Marcher is sophisticated banking malware that steals users’ financial information, such as online banking credentials and credit card details. We have observed Marcher evolving over time, using new tricks and payload delivery mechanisms. As we reported about previous encounters with this malware here, here, and here, the authors are using new techniques to spread infections, such as pornographic lures and the hype around new games.
In a recent wave, we are seeing the malware payloads disguised as Adobe Flash player. Upon opening the dropper URL, the user will be prompted by a message saying the device’s Flash Player is out of date, and the malware “Adobe_Flash_2016.apk” will be dropped on the user’s device. The malware will also guide the user to disable security and allow third-party apps to install, as shown in the screen below.
Fig 1: Payload delivery
We saw multiple payloads being served where popcash.net ads were the initial source of infection.
Fig 2: New Android Marcher wave
Upon installation, the malware quickly hides and removes its icon from the phone menu.
Following infection, the malware will register the infected device to its Command & Control (C&C) server. Along with the device’s meta information, the installed apps list is sent to the C&C server as shown below.
Fig 3: C&C communication
After a few sleep cycles, the malware waits for the user to open an app from its targeted list. We found that this variant is capable of targeting over 40 financial apps. When the user opens any of the targeted apps, the malware will quickly overlay a fake login page, which lures the victim into supplying user credentials. Some of the overlay pages are shown below.
Fig 4: Fake login pages
Fig 5: Targeted apps list with the associated URLs that serve the overlay pages
The following is a list of financial apps targeted by the new Marcher variant:
Unlike other Marcher malware, this variant is highly obfuscated, which explains the low antivirus (AV) detection rate. The VirusTotal screen capture below shows that less than 20 percent of AV scanners detected the new variant (at the time of the scan).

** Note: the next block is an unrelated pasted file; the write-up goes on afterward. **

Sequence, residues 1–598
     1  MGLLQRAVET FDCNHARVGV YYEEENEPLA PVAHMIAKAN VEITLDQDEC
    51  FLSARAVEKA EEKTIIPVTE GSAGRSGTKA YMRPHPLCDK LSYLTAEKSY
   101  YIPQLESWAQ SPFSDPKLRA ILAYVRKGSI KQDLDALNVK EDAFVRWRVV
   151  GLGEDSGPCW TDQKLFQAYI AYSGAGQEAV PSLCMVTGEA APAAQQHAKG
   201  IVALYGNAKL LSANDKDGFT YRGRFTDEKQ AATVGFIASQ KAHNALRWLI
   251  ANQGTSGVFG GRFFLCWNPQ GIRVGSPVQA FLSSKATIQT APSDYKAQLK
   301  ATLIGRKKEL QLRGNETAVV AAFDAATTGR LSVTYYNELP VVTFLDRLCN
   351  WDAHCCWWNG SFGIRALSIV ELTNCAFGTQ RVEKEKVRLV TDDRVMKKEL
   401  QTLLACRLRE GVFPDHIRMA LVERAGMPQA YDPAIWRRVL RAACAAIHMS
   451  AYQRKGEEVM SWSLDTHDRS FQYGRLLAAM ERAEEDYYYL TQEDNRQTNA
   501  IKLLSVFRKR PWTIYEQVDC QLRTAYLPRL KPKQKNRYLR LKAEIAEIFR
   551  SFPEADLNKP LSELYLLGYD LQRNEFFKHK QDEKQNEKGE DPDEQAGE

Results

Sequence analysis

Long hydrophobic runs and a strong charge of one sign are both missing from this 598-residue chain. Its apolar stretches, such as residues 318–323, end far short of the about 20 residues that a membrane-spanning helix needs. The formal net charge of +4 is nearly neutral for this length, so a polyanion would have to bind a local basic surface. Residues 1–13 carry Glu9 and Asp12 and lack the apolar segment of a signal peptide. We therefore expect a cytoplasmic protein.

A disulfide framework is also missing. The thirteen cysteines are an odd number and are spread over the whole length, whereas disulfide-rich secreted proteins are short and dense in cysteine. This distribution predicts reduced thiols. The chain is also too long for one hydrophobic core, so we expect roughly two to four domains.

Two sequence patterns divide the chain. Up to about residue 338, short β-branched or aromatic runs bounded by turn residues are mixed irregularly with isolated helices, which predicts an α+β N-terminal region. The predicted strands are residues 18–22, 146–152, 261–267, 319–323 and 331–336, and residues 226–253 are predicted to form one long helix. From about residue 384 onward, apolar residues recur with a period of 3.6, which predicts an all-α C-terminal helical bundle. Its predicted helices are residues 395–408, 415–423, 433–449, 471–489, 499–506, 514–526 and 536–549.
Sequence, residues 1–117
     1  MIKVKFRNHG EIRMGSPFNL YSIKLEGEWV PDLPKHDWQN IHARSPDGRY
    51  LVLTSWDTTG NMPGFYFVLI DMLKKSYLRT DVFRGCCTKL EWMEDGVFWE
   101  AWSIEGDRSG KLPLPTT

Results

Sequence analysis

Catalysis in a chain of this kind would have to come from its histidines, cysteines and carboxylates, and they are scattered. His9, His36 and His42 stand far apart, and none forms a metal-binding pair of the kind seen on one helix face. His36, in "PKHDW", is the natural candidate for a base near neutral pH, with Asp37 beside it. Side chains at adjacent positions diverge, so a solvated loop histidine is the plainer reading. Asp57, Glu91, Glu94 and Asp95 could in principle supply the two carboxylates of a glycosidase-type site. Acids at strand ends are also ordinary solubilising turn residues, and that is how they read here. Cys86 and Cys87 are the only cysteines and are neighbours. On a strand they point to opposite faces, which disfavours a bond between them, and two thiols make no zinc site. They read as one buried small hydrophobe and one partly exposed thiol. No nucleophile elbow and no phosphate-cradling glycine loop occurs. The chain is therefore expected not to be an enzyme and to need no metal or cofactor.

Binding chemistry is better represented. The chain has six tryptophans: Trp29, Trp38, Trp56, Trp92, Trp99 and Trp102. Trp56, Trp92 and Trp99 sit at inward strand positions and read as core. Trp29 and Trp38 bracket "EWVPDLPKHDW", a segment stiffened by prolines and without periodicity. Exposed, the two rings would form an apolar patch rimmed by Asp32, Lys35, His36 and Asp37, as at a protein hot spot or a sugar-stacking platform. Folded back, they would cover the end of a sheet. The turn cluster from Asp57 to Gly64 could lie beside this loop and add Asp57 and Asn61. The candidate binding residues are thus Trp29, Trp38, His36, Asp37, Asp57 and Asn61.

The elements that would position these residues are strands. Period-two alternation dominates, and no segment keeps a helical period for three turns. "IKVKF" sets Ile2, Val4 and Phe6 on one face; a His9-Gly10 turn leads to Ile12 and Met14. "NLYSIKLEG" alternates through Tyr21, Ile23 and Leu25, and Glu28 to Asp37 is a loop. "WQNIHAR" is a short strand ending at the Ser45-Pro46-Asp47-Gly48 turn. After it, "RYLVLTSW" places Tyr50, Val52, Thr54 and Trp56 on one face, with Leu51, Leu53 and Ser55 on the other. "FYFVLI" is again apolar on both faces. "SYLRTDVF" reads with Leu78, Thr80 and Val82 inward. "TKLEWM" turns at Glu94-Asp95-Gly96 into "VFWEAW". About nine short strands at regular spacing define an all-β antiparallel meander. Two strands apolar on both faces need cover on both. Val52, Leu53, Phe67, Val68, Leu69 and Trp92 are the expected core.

VT: 11/59 (at the time of analysis)
Fig 6: VT detection
Fig 7: Obfuscated code
The overlay (fake) login pages for the financial apps are hosted remotely, allowing the author to update them as needed. In the sample C&C communication shown below, the user on the infected device tries to launch the Commonwealth Bank of Australia app; it gets intercepted by the Marcher Trojan, which loads an overlay login page from a remote location.
Fig 8: Serving fake page in server response
If the user falls for the fake login page and enters his or her banking credentials, the Marcher Trojan relays the information to the C&C server, as shown in the screenshot below.
Fig 9: Credential harvesting
We have been seeing regular infection attempts for this Marcher variant in the past month. The frequent changes in the Marcher family indicate that the malware remains an active and prevalent threat to Android devices.
To avoid being a victim of such malware, be sure to download apps only from trusted app stores, such as Google Play. By unchecking the “Unknown Sources” option under the “Security” settings of your device, you can prevent inadvertent downloads from questionable sources.
Zscaler ThreatLabZ is actively monitoring Android Marcher and its variants to ensure that Zscaler customers are protected.
Indicators of compromise (IOCs):
from Zscaler Research http://ift.tt/2sZpapF